The caravan of Central American migrants going through Mexico to the US border isn't ending. Instead, its participants will disperse into smaller groups after reaching Mexico City.
While some will stay in Mexico to try to get refugee status there, others will continue north to the US border.
Organizers of the caravan estimate that some 200 or so people will proceed all the way to the US border in the coming days, although the number could be higher. Last year, about 150 went all the way to the border, they said.
Pueblo Sin Fronteras caravan, which translates to people without borders, has organized the event for years. The caravan has always dispersed into separate, smaller groups at some point along the journey. What has been striking is that this year's event has the largest number of people ever, with more than 1,100.
The images of the throngs of migrants making their way north caught the attention of President Donald Trump this week, who has fumed about the caravan and what he calls weak border laws in the US. He signed a memorandum to deploy the National Guard to the southwest border on Wednesday.
Who are the migrants?
Regardless of what Trump says or does, many migrants in the caravan said they won't be deterred from heading to the US border.
Lilian Mejia is one of them and determined to get to Texas.
She left El Salvador to join the caravan and said she heard on the news that Trump is mad because of them.
"He's not poor, fighting for his family," Mejia, 25, said. "This is what he doesn't understand."
She wears a tight bun and carries a black bag containing everything she plans to take on the 2,400-mile journey from Chiapas to the US border. All she has is a purple hoodie, a second pair of sneakers and an extra pair of clothes.
She and her husband left their two sons, a 3-year-old and a 9-year-old, behind to look for work.
"I'm looking for a better life for my kids. Arrive, the goal is to arrive (in the US), work and send money to my children," Mejia said, adding there's almost no work in El Salvador and a lot of gang violence there.
She joined the caravan "because it makes things easier to make it through immigration. It seems the right way, less dangerous."
For now, she stays at a church in Puebla where other exhausted migrants lay on thin blankets, resting in a bare room adorned with a simple cross. Many churches have opened their doors to migrants as most of the people in the caravan are expected to arrive in the city Thursday. From Puebla, the caravan will continue to Mexico City.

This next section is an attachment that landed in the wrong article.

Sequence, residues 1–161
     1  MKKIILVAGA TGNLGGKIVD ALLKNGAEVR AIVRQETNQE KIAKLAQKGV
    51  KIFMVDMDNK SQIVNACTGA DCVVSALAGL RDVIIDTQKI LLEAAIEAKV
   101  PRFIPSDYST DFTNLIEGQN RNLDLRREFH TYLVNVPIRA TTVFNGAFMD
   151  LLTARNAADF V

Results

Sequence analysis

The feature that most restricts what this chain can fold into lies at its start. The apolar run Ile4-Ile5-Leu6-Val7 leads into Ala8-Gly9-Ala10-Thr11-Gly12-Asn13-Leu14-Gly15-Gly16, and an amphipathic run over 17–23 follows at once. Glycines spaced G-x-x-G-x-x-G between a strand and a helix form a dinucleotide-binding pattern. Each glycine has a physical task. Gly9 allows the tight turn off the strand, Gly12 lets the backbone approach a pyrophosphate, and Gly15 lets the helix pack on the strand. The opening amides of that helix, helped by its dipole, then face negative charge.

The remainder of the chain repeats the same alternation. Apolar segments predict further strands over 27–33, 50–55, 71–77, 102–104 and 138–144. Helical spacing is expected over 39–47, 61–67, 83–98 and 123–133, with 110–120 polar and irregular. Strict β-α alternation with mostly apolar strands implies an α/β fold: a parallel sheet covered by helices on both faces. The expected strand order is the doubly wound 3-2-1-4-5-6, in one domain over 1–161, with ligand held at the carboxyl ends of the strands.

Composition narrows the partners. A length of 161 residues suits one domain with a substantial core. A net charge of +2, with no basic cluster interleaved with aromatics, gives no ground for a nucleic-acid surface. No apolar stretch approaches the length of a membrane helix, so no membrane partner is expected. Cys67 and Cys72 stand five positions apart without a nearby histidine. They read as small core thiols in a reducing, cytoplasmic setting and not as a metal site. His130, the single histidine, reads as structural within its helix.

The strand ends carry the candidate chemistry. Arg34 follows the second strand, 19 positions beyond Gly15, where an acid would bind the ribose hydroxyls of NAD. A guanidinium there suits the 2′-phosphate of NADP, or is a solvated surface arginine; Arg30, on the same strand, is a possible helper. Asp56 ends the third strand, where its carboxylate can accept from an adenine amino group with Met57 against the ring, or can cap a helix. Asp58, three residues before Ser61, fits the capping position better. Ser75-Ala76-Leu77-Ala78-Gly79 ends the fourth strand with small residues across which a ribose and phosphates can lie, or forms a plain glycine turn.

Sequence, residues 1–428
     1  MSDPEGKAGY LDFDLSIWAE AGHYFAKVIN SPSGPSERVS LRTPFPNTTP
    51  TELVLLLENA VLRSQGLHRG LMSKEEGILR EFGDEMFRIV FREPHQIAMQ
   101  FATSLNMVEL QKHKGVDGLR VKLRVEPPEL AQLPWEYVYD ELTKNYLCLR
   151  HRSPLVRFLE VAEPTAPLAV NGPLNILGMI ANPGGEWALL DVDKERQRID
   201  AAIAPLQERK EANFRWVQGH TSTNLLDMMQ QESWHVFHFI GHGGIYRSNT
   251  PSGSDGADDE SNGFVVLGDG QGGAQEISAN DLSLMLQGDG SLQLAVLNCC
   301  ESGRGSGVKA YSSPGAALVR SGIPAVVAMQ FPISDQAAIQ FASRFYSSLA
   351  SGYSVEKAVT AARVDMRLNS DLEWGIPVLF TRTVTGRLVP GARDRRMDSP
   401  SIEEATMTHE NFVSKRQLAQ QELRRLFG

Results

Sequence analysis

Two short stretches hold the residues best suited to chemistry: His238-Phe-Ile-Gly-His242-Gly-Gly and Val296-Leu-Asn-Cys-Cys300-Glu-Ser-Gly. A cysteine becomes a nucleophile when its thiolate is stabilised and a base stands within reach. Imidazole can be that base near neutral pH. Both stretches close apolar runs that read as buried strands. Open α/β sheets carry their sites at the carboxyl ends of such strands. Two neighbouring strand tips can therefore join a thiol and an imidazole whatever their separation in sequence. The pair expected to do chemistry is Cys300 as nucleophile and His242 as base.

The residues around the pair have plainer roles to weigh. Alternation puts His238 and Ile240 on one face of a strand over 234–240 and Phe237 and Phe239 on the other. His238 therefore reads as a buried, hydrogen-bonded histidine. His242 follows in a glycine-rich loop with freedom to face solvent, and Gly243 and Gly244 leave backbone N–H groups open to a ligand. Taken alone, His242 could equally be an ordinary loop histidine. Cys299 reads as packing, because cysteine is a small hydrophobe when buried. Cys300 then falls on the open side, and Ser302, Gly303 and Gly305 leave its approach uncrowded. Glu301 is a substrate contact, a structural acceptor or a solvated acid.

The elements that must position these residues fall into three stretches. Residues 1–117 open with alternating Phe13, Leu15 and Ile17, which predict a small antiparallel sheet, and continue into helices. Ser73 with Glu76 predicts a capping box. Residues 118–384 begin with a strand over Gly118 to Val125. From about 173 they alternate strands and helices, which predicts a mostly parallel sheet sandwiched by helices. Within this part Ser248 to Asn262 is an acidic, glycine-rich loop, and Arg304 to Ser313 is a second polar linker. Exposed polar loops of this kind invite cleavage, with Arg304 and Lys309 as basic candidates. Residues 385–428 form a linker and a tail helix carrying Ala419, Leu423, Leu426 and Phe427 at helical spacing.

Poverty, violence and political unrest in their home countries forced them to make the journey, migrants say. Many are from Honduras, where organized crime fuels widespread violence and protesters recently took to the streets after a contested election.
Carlos Diaz said Thursday in Puebla that he left his family behind in Honduras. He planned to continue to the US border, with hopes of reaching North Carolina.
"In Honduras, there are few jobs," he told CNN. "The gangs are taking control."
Diaz said he would try to cross the border, even with the National Guard on patrol.
"If I'm arrested, I will be deported to my country and then I will try again," he said.
His message for President Trump: "We're coming to work and to struggle for the future of our children. He should tap into his conscience and help the migrants."
Those who seek a new life in the US often present themselves at ports of entry and are taken into custody. While they rarely succeed in winning asylum, their cases can take years to make their way through the backlogged system.
'Dangerous' to go to US
But not everyone in the caravan seeks to go to the US.
Eric Sagastume from Guatemala, says the risks are too great for him to attempt to enter the US again. He was deported 13 years ago.
When asked why he doesn't want to go all the way to the US border, Sagastume, 61, shook his head slowly and folded his glasses.
"It's a bad place for Central American people, Mexican people," he replied. "United States have a bad, bad president. This is dangerous."
He wants to remain in Mexico as its government may offer some people permission to stay on humanitarian grounds.
Sagastume would like to go to Cabo San Lucas, a popular resort city, where he could use his English skills and meet people. He wants to make some money and support his family in Guatemala.
After walking more than a week with the caravan, Sagastume is tired and weathered from the sun. But he says that people in the caravan take care of each other and share what little they have.
He remains upbeat and carries his faith -- a white, tattered Bible tucked in his pack that has traveled with him for hundreds of miles.
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